And Another Month Gone

Again! Is Covid-time faster than normal time? I think so! The weather has been really changeable and although we’ve had a few warm days it’s mostly somewhat cooler than usual for June. I’m even wearing a sweater today! At least I haven’t had to water the garden much. I really don’t feel as if I accomplished much this month at all. I mostly just read more books, pulled a few weeds and picked some produce. What does it say about me when my most exciting day is Laundry Day twice a month? Yeesh. Still no new Finished Objects to show. No knitting and very little sewing happened. I did repair my bug-munched top so I could wear it though.

Visible Mending

It took more time to choose the repair fabric than to actually perform the fix! I finally chopped up a dyed and stamped swatch from the scraps drawer and did some sloppy sashiko stitching on it and I think it looks passable. Hopefully I can get a few more years’ wear now. Loved clothes last!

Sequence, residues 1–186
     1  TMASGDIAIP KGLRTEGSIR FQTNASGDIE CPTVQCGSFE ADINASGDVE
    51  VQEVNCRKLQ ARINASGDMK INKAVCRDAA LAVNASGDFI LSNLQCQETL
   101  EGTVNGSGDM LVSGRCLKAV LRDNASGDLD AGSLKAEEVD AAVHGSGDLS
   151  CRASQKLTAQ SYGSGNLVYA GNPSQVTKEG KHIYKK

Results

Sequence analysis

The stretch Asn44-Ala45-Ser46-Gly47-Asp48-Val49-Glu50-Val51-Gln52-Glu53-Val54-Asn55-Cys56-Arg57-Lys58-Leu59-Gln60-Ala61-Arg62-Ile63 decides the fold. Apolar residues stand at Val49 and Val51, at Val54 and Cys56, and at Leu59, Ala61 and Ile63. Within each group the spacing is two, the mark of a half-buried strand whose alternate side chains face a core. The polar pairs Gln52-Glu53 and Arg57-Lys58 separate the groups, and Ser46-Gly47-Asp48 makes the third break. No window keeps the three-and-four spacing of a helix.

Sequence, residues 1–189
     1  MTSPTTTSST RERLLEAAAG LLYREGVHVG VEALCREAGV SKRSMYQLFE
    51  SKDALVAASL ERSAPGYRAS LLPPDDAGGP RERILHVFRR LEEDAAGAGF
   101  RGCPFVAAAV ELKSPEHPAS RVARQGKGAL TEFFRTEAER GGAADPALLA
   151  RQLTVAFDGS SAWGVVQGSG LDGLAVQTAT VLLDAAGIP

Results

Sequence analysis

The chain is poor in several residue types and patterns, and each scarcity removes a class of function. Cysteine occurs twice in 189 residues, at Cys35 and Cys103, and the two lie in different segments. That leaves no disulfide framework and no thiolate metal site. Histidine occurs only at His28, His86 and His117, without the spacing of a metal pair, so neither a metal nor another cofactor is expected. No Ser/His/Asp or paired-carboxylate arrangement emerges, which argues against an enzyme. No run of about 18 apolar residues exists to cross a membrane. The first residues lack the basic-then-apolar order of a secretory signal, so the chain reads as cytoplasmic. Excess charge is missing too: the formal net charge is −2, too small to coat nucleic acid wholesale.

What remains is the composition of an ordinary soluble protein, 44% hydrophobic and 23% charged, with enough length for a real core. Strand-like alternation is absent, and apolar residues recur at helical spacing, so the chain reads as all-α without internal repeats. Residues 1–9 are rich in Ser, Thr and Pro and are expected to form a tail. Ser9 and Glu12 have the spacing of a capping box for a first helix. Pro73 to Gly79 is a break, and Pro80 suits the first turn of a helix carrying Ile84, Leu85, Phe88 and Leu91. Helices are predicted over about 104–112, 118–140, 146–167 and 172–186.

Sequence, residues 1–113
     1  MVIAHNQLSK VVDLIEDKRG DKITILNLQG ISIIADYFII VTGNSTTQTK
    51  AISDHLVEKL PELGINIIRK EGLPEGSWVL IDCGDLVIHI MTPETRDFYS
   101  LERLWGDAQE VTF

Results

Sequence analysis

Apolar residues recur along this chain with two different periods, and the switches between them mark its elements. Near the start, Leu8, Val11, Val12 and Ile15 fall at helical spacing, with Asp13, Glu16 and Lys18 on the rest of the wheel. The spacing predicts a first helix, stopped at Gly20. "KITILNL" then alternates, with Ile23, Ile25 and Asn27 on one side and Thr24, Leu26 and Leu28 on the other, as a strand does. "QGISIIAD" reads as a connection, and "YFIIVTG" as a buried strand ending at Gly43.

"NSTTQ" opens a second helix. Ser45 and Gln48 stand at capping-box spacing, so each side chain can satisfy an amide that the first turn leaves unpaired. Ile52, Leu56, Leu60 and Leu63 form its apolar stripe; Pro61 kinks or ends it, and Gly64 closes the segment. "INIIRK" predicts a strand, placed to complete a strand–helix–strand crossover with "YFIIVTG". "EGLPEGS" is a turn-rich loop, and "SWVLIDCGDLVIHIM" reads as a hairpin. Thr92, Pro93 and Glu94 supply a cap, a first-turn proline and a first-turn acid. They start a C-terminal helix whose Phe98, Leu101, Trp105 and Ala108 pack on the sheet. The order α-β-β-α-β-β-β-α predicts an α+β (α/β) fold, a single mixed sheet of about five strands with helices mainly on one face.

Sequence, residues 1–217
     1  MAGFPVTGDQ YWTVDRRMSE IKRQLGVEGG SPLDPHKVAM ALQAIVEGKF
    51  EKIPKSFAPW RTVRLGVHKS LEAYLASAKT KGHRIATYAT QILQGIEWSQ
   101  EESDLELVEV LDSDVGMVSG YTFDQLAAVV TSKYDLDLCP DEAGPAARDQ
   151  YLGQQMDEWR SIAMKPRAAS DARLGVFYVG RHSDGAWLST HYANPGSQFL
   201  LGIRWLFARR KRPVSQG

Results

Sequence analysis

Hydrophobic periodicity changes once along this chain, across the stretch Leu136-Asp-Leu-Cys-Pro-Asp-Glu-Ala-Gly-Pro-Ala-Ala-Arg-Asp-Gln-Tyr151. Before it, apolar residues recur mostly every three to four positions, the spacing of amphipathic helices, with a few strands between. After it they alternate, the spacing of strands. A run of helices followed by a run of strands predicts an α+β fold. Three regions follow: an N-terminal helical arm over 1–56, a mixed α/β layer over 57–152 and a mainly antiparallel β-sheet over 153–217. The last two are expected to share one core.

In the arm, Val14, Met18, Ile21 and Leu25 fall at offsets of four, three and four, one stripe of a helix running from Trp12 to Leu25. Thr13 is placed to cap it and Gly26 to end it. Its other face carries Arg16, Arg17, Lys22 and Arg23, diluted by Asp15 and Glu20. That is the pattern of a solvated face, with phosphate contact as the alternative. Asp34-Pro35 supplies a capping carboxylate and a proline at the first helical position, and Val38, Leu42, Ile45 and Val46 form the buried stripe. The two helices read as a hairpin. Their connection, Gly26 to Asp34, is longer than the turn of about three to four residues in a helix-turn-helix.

Wearing it: front view
Wearing it: back view

When this thing finally gives out, I’ll probably make a new version. I still have the pattern I made. Or maybe I won’t wait until it dies to sew it again! It’s a great way to use up fabrics that are too small for a full garment. I think the design has held up well considering I saved the original inspiration photo nearly 10 years ago. Good wearable styles don’t date quickly.

However some things do get dated! I’ve been working on refashioning my indigo hemp jacket from the mid-’90’s. It absolutely did not fit anymore: drop shoulders, deep armholes, too long sleeves and tight waist and hip. Just wait until you see the “before” pics on me! But I absolutely love the funky fabric and the dyeing is a memorial to an epic indigo vat that my friends and I made one year. I’ve never been able to get something this large dyed that evenly since. Here’s a hanger shot just to whet your interest.

Indigo Hemp Jacket (before)